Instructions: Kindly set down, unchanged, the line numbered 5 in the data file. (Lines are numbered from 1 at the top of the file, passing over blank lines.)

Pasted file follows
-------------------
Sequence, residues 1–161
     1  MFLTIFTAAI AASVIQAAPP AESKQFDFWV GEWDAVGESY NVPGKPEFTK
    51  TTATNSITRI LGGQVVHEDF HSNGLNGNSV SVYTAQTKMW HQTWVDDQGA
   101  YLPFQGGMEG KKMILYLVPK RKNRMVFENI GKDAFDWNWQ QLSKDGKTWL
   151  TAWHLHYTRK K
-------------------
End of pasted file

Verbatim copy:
   151  TAWHLHYTRK K